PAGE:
Beech-maple mesic forest
A hardwood forest with sugar maple and beech codominant. Found on moist, well-drained soils, on north and east facing slopes, and on gently sloping hilltops of any aspect, this type rarely occurs in ravines. Common associates are basswood, American elm, white ash, yellow birch, hop hornbeam, and red maple. Characteristic species in the sub- canopy are musclewood, striped maple, witch hazel, hobblebush, and alternate-leaved dogwood. There typically are few herbs and shrubs, but tree seedlings may be abundant. There are many spring ephemerals.
Successional old field
A meadow on sites cleared, plowed, and then abandoned. The ragweed type occurs on fields 1 to 3 years after last cultivation; ragweed, daisy, Queen Anne’s lace, crab grass, golden foxtail, and chickweed are common. The goldenrod subtype occurs 3 – 15 years after last cultivation. Dominant species are perennial composites: goldenrods and asters. Other herbs include timothy, orchard grass, smooth brome, bluegrasses, quackgrass, sweet vernal grass, evening primrose, old-field cinquefoil, wild strawberry, and hawkweeds. Shrubs and trees represent less than 50% cover but include gray dogwood, arrowwood, raspberries, blackberries, sumac, red maple and white pine.
A shrubland with at least 50% cover of shrubs that occurs on agricultural fields 10 – 25 years after abandonment, following other disturbance, and especially on sites with restricted drainage. Characteristic shrubs include gray dogwood, raspberries, hawthorn, serviceberries, chokecherry, sumac, nannyberry, arrowwood and buckthorn. Herbs are those of old-fields. Seedlings of white pine, red maple and white ash are usually present.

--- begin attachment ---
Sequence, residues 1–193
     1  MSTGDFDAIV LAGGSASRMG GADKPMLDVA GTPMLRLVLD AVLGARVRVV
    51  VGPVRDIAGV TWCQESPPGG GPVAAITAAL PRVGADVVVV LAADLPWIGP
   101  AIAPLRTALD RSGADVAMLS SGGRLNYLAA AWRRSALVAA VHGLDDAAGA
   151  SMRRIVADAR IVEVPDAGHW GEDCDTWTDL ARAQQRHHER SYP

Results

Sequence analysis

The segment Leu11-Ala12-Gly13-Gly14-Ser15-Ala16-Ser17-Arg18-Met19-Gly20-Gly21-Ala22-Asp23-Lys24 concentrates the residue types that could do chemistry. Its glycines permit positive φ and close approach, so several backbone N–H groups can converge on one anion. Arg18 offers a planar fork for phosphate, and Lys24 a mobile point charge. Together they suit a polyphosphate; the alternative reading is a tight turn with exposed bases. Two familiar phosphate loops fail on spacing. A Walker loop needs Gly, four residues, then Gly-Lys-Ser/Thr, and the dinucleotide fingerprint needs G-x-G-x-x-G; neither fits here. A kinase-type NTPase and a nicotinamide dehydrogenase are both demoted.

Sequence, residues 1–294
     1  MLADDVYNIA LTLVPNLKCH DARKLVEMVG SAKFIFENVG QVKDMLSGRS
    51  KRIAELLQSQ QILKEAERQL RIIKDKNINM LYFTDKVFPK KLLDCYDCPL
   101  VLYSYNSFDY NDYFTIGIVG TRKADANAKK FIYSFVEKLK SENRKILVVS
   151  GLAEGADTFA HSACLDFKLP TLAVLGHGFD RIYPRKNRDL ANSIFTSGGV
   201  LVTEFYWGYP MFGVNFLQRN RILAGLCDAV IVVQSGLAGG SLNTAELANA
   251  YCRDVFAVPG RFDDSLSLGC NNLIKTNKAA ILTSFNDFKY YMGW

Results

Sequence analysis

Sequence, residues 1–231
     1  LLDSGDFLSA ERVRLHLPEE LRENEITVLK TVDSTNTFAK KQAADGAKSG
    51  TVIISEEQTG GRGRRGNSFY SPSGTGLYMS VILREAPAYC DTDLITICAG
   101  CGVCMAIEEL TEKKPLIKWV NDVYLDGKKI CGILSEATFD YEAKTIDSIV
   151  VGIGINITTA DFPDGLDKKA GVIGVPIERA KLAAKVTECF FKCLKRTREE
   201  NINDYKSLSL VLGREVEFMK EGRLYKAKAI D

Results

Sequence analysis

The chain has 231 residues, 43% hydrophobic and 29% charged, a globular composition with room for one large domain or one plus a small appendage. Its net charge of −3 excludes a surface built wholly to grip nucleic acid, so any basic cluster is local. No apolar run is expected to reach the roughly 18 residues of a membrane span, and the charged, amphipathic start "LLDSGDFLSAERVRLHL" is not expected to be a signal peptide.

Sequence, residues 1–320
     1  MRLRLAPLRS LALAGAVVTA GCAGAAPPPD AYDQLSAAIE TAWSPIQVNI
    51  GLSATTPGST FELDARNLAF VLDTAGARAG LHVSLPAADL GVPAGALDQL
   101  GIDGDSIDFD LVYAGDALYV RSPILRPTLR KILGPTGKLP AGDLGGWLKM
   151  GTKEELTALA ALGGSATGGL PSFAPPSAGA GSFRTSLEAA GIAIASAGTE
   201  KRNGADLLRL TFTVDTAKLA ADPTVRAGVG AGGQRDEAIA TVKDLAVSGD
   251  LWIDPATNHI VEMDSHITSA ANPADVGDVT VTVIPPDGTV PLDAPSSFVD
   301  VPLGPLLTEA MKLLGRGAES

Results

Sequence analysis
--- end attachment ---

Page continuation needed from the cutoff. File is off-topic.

Shallow emergent marsh
A marsh that is better drained than a deep emergent marsh; water depths may range from 15 cm to 1 m during flood stages, but the water level usually drops by mid to late summer and the substrate is exposed. Characteristic plants include bluejoint grass, reed canary grass, rice cutgrass, mannagrass, three-way sedge, bulrushes, sweetflag, wild iris, and water smartweed.
A wet meadow with permanently saturated and seasonally flooded organic soils in wetlands that receives mineral nutrients via groundwater or streams. There is usually little peat accumulation and floating mats are not formed. Sedge meadows typically occur along streams and near the inlet and outlets of lakes and ponds. The dominant species is a tussock-sedge, Carex stricta, usually with about 50% cover. Other characteristic herbs include sedges (C. lacustris and C. rostrata), bluejoint grass, sweetflag, spotted joe-pye weed, tall meadow rue, and bulrushes.
Rocky headwater stream
The aquatic community of a small to moderate sized rocky stream with a moderate to steep gradient. The cold water stream flows over eroded bedrock near the stream origin and contains alternating riffle and pool sections. These streams typically have mosses and algae present, but few larger rooted plants.